In the first place I hope you will live twenty-three years longer. Mr. Tom LeFroy's birthday was yesterday, so that you are very near of an age.This is the beginning of a letter from me to my sister Cassandra. The book Cassandra and Jane makes me think about the letters Cassandra destroyed after I died. Wouldn't people like to know what was in those letters? What would they see? What would they read? What would they interpret?
After this necessary preamble I shall proceed to inform you that we had an exceedingly good ball last night, and that I was very much disappointed at not seeing Charles Fowle of the party, as I had previously heard of his being invited. In addition to our set at the Harwood's ball, we had the Grants, St. Johns, Lady Rivers, her three daughters and a son, Mr. and Miss Heathcote, Mrs. Lefevre, Two Miss Ledgers, and a tall clergyman who came with them, whose name Mary would never have guessed.
We were so terrible good as to take James in our carriage, though there were three of us before, but indeed he deserves encouragement for the very great improvement which has lately taken place in his dancing.
Would they know more about Tom LeFroy? Would they know the story that starred Anne Hathaway and James McAvoy? Is that really what was between Tom and I? Would they know more about my brief engagement that I broke less than 24 hours after accepting? Would they understand my reasons? Would they mock me? Or even worse, would they pity me? Pity I don't think I could take.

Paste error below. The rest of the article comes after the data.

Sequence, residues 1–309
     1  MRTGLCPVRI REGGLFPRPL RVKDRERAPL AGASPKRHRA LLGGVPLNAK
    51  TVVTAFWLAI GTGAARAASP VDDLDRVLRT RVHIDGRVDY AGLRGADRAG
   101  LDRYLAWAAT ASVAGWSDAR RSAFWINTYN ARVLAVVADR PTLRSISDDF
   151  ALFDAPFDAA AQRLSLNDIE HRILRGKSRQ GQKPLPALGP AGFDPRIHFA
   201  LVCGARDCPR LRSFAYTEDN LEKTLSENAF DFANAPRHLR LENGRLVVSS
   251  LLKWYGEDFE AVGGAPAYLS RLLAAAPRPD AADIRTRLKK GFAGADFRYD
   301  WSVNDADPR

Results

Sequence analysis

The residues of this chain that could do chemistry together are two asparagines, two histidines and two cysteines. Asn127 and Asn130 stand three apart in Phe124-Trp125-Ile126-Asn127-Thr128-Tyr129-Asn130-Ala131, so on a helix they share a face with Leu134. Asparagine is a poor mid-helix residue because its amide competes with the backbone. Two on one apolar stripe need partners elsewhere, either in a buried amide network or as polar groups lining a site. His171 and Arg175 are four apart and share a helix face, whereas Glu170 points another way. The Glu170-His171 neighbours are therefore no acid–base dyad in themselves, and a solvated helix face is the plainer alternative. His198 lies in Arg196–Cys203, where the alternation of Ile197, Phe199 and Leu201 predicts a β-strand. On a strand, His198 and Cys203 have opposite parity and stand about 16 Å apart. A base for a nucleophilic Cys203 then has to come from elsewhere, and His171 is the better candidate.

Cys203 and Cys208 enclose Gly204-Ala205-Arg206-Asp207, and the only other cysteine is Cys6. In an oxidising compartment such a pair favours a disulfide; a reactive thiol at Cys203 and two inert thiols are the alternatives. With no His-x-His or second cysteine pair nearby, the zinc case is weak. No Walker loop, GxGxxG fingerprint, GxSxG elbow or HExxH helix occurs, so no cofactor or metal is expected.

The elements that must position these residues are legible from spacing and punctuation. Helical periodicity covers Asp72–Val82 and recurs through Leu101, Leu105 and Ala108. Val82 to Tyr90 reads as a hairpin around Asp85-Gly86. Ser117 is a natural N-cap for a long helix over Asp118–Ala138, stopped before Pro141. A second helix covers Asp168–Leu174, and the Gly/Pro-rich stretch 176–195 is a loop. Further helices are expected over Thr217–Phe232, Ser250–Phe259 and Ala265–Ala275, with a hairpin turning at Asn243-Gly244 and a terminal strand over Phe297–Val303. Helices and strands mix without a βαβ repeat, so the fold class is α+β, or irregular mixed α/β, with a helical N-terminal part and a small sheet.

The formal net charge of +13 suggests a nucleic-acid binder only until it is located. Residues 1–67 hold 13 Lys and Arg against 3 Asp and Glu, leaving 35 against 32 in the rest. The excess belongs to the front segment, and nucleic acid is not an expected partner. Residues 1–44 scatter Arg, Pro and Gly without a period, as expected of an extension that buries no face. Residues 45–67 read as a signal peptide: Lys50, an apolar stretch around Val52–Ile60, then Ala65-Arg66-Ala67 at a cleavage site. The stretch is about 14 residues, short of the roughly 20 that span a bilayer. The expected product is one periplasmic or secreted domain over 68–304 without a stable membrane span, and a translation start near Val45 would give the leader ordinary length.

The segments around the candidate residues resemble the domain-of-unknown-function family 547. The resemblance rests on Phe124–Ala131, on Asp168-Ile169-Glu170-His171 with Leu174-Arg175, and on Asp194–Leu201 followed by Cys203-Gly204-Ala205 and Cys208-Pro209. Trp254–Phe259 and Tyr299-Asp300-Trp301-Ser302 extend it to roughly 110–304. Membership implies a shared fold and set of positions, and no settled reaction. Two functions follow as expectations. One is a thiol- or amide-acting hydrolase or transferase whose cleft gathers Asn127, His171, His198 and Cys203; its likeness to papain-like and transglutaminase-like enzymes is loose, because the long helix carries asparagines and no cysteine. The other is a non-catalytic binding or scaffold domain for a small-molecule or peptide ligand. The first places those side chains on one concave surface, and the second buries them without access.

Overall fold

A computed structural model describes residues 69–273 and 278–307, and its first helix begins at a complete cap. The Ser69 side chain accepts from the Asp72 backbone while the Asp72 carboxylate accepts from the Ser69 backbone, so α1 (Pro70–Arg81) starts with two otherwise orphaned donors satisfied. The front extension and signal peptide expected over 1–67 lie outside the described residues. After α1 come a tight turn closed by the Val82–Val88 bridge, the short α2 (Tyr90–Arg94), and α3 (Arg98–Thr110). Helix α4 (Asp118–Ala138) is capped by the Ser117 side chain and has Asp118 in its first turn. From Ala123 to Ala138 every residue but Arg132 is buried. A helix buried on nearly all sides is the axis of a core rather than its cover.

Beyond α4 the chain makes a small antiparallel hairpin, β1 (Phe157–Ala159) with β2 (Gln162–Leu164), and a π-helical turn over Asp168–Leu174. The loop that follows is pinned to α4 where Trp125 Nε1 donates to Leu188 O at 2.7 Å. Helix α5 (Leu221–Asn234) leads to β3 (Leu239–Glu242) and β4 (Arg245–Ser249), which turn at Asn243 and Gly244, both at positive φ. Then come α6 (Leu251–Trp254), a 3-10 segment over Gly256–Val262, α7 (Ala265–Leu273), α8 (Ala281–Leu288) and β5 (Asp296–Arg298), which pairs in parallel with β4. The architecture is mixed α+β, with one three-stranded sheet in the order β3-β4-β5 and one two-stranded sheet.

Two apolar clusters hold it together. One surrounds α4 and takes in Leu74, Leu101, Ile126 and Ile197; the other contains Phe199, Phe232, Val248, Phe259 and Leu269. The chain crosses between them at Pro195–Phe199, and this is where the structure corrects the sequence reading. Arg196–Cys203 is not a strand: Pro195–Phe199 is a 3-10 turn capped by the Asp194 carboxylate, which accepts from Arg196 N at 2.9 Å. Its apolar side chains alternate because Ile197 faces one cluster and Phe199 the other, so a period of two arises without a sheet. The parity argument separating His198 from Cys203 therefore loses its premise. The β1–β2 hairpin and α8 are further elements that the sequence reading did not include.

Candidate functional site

Would my gentle readers (as I steal a line from Bronte) know me better if they had those missing letters? Would they love my characters more or would they see them in a different light? I am very curious, but as I did not want them read by anyone but Cassandra I will keep quiet on the subject.
But gentle reader, I would like to know what you think was in those letters? If you could go back in time and stop Cassandra from burning them, would you? Do you think the world today would want to know what Cassandra and I knew then?